About 1/4 cup of unsalted butter, melted  for drizzling over the top (Optional)

The original recipe called for crushed cornflakes tossed with cinnamon sugar which was very big in the 1950’s. It goes over the top of the kugel before baking. I don’t use it myself. I simply sprinkle with a bit of cinnamon sugar most of the time, and if I’m getting fancy, I sometimes add chopped nuts or crushed amaretti cookies. 

Apple Cinnamon Kugel1

Directions

  1. Prepare your apples while the water is boiling and the noodles are cooking. Place them in a very large bowl. Squeeze a bit of the lemon juice over the apples to prevent them from browning.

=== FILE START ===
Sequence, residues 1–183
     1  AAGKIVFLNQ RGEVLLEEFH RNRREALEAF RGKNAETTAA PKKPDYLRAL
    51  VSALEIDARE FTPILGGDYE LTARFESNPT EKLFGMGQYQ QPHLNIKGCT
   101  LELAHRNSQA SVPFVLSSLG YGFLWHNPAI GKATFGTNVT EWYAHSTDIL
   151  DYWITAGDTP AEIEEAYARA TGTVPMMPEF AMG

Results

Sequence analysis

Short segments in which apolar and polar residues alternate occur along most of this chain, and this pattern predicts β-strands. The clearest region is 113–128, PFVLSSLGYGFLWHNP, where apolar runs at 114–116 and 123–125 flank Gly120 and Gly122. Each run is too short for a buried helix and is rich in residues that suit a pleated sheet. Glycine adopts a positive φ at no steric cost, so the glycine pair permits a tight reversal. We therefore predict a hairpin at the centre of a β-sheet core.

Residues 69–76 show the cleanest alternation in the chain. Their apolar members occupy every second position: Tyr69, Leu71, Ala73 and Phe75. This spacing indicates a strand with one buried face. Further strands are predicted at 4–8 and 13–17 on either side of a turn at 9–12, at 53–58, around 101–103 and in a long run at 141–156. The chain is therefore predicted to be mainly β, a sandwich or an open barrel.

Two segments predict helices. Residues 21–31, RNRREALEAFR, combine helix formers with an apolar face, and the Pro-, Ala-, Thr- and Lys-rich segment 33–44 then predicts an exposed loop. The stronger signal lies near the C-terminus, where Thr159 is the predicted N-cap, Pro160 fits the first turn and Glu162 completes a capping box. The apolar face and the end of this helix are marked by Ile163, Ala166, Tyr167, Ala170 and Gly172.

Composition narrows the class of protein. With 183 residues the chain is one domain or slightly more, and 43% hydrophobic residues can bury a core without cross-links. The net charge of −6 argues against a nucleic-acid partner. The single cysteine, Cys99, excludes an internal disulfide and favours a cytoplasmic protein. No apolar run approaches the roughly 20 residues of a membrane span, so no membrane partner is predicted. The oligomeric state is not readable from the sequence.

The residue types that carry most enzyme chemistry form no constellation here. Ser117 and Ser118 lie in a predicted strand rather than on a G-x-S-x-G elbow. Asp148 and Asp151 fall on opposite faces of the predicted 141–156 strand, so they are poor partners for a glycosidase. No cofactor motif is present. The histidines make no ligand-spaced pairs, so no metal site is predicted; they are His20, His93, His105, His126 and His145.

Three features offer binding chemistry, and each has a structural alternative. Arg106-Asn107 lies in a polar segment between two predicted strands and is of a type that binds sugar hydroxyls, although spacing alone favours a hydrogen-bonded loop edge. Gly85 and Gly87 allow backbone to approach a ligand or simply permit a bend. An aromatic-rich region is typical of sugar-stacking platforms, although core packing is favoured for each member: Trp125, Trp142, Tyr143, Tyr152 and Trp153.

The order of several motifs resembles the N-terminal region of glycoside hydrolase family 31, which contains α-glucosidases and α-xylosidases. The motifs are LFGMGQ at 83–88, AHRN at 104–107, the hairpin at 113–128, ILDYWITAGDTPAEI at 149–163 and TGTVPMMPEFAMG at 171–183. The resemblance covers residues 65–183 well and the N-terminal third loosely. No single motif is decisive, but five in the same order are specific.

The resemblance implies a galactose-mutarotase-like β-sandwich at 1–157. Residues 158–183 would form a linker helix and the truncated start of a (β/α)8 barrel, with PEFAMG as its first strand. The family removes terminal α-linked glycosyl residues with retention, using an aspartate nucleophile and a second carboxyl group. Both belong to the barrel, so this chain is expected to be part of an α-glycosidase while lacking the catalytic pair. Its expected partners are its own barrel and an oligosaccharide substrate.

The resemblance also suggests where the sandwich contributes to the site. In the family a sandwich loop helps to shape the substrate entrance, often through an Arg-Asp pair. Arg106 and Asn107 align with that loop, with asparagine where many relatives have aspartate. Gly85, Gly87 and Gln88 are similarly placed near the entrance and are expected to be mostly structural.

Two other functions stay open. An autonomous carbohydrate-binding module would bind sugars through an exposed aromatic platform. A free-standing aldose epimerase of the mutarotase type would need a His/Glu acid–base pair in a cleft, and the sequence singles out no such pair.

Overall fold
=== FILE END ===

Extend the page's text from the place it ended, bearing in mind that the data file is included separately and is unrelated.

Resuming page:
2. Cook the noodles according to the shortest cooking time on the package directions – usually 8 minutes. Drain the cooked noodles very well.
  3. Heat your oven to 400 degrees F.
  4. Mix in all of the remaining ingredients to the apples, including the drained noodles and melted butter. Save adding the eggs for last. If you forgot to set aside some of the cinnamon sugar, don’t fret. This is a very forgiving recipe and you can just make a little more to add at the end, which is generally what I do. It will look as if the mixture is too much for the pan, but trust me – it fits. Do NOT skimp on the apples!
  5. Pour the mixture into a buttered (margarined or PAM’d) 11 x 9 x 2-inch rectangular pan and spread it evenly. If you are using the cornflakes topping, add it now. Otherwise just sprinkle with the reserved or additional cinnamon sugar. This would be when you add your nuts or amaretti cookies if you are using them. I like to drizzle a bit of additional melted butter on top, but you don’t have to. It’s just better if you do!